• Contact Us
  • Indexing
  • Submit Manuscript
  • Open Access
  • Journals
  • Home
  • ISSN: 2379-0547
    Volume 5, Issue 2
    Research Article
    Adeola Sonaike* and Scott McDoniel
    Epidemiologic surveillance indicates increased susceptibility to obesity among children with special health care needs (SHCN) in comparison to children without SHCN. Focusing on the impact that patient-provider interactions have on health behaviors and health outcomes, this paper explores clinician-initiated obesity management counseling received by children with SHCN by conducting a retrospective medical review. An independent two-tailed sample t-test compared the incidence of obesity management counseling received by children with and without SHCN over a 2-year timeframe. This t-test revealed a statistically significant difference between the frequency of weight management counseling received by youth with SHCN in the 2-year timeframe (M= 1.0, SD =0.46498) and the frequency of weight management counseling received by youth without SHCN in the 2-year timeframe (M = 2.0, SD = 0.74975), t(100) = 7.826, p = 0.000, a = 0.05. This paper supports the theory that disparities in obesity-related health outcomes experienced by children with SHCN can be partially attributed to limitations in standardized clinician-initiated health practices for specialized populations. As disparities in health outcomes for people with SHCN continue to grow, it is recommended that standardized preventive health practices and diagnosis-specific preventive health screening tools be developed and provided to current and future general health practitioners.
    Ekram W. Abd El-Wahab* and Noha S. Moustafa
    Background: Smoking is an avoidable behavioral cause of premature morbidity and mortality. The initiation, continuation and dependence of smoking are associated with several personal, environmental and socio-cultural factors which vary between age groups and geographical regions.
    Objective: To investigate the pattern of smoking cessation and the extent of the smoking dependence among smokers in urban and rural societies in Egypt.
    Methods: A cross-sectional study was conducted targeting a random sample of 552 adult smokers aging 11-75 years. All participants were inquired about their demographic features, life style and behaviors, motives for smoking cessation and quitting attempts using a predesigned interviewing questionnaire. Nicotine dependence was assessed using Fagerström scoring scale.
    Results: About 28.1% of the participants admitted a motivation to quit smoking and about 61.1% had at least an attempt. The longest duration of quitting was =5 years as reported by utmost 4.0% of the smokers. The drive to quit smoking was advice of a family member (39.9%) or a doctor (30.1%), concerns about smoking hazards (19.7%) or due to financial limitations (12.7%). The more frequently used method to quit smoking were cold turkey (23.4%), gradual reduction (15.9%), and the use of nicotine replacement therapy (12.5%). Moderate and high nicotine dependence was achieved by 46.7% and 24.6% respectively. Moderate and high nicotine dependence was achieved by 46.7% and 24.6% respectively. Male gender was the single predictor of smoking dependence. Motivation to stop smoking was associated with the presence of social support and having low dependence score.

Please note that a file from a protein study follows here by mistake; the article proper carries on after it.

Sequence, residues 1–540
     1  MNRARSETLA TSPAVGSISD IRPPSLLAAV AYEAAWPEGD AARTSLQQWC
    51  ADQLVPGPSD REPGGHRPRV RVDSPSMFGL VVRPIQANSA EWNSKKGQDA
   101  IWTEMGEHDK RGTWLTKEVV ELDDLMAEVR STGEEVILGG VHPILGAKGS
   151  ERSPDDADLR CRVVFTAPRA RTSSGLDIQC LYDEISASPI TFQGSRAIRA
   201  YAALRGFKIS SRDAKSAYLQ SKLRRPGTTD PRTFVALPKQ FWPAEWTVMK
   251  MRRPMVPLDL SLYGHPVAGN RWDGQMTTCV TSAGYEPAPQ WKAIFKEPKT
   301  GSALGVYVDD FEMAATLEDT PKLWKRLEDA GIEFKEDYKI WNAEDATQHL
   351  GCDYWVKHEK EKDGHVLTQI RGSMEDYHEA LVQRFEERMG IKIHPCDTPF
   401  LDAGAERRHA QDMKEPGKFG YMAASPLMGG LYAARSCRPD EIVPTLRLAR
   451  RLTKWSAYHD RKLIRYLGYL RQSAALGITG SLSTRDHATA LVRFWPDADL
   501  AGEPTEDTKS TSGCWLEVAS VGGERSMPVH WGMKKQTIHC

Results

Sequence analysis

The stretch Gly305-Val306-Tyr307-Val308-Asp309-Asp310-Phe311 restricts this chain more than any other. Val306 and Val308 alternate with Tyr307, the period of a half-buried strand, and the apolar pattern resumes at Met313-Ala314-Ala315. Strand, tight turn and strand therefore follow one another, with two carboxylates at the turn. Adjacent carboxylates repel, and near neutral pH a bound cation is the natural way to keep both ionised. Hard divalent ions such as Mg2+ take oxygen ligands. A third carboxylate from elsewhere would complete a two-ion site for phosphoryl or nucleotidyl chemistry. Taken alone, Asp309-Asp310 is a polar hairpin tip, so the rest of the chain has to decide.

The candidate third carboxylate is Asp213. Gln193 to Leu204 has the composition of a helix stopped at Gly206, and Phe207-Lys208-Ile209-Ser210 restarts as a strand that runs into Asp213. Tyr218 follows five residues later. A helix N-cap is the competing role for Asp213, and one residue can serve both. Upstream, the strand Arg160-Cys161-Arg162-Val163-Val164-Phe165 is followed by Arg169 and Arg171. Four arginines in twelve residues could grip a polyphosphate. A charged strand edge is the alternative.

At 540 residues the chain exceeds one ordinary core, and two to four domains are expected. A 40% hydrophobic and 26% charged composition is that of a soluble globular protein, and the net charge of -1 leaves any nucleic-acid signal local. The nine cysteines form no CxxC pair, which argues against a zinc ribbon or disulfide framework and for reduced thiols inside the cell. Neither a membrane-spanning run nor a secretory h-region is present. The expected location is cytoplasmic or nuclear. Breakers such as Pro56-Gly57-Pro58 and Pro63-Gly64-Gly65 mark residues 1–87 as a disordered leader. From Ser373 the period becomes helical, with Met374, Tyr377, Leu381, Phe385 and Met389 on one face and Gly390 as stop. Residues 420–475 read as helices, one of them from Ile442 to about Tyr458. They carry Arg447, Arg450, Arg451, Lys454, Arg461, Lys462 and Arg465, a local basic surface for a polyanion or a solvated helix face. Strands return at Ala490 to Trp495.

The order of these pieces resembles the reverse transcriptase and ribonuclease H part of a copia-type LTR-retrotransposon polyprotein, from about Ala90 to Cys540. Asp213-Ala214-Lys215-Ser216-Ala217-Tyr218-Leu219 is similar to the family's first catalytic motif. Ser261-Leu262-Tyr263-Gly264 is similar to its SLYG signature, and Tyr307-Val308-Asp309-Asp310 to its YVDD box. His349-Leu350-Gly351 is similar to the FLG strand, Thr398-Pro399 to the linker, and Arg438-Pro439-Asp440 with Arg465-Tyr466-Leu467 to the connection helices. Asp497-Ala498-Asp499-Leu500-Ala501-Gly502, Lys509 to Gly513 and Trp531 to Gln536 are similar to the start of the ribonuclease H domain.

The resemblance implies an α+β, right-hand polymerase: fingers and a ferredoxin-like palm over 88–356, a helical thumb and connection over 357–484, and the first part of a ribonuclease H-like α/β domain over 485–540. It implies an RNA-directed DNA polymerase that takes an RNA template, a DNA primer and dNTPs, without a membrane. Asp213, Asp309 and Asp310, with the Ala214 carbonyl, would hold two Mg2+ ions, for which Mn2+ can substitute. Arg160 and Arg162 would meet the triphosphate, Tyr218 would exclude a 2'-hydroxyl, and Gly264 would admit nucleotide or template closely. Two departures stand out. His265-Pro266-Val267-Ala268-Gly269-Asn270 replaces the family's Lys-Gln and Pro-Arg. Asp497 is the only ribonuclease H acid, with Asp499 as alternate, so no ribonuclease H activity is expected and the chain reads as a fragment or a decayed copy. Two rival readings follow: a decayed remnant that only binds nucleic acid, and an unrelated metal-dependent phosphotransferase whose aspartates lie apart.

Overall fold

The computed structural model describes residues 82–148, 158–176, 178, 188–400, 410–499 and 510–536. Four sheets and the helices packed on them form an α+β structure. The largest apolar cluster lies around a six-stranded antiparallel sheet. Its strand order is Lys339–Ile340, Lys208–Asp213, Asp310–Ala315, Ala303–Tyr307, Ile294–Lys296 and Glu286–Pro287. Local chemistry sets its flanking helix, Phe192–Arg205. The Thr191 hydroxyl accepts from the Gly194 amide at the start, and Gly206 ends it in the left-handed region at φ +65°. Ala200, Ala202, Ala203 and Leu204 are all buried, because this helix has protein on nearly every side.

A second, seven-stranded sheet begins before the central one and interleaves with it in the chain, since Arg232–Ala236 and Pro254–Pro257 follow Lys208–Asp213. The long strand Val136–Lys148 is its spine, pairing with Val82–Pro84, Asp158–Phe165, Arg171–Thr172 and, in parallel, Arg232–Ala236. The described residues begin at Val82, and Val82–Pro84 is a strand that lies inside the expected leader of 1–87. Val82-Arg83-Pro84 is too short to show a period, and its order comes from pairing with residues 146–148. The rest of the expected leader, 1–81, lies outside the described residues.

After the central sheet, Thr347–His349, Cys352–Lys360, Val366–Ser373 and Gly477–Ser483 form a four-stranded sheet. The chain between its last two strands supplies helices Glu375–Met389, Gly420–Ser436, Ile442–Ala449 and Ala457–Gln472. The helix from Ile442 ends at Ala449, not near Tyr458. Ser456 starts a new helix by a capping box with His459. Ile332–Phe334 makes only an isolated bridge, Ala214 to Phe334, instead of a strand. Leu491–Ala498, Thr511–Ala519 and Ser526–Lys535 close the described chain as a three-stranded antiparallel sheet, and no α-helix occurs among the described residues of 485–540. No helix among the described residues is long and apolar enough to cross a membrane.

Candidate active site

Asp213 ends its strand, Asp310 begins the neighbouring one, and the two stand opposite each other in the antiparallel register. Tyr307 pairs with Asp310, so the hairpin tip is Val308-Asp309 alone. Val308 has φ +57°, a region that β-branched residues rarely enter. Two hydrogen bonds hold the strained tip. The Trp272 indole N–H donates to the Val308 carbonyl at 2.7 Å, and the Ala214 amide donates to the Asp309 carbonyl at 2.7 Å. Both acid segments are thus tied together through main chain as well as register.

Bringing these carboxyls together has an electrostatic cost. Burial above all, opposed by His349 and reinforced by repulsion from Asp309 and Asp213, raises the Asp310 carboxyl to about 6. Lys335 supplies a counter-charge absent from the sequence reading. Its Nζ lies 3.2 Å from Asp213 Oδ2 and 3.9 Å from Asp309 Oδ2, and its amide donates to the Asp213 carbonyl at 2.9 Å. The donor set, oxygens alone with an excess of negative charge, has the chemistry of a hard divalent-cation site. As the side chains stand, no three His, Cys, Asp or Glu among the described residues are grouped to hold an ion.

Conclusion: Nicotine dependence was significant at younger ages. Therefore, smoking cessation program should be a top priority and targeted to prevent smoking in adolescence. Appropriate interventions addressing individuals' motives and considering pharmacotherapy are needed to encourage successful quit attempts.
    Enabulele O, Ajokpaniovo J, and Enabulele JE*
    Background: Waiting time is an important indicator of patient satisfaction and the operational effectiveness and efficiency of a health facility. This study assessed patient waiting and consultation time in the General Practice Clinic of the University of Benin Teaching Hospital as well as assessed the association between waiting time and patient satisfaction with care received.
    Materials and Methods: This was a cross-sectional analytic study conducted in the General Practice Clinic of University of Benin Teaching Hospital, Nigeria. Analysis was done using Chi-square test, Mann Whitney U test, Kruskal Wallis test to test the association between waiting and consultation times with care satisfaction. We used binary logistic regression to evaluate the independent predictors of care satisfaction.
    Results: A total of 336 participants were recruited for the study. Participants comprised of 216 females and 120 males. The waiting time spent by the patients before they had their first contact with the medical doctor ranged from 11-354 minutes with a mean of146.75±55.38 minutes. The consultation time ranged from 3-88 minutes with a mean of 22.43±12.12 minutes. Those who rated the medical care as poor were observed to have had longer waiting time (mean waiting time of 219.88±65.95 minutes). While, those who rated the medical care received as excellent had the highest mean consulting time of 25.57±13.23 minutes.
    Conclusion: Compared to the recommended average patient waiting time of 30 minutes, patient waiting time in this study was prolonged and was a significant independent predictor of satisfaction with medical care.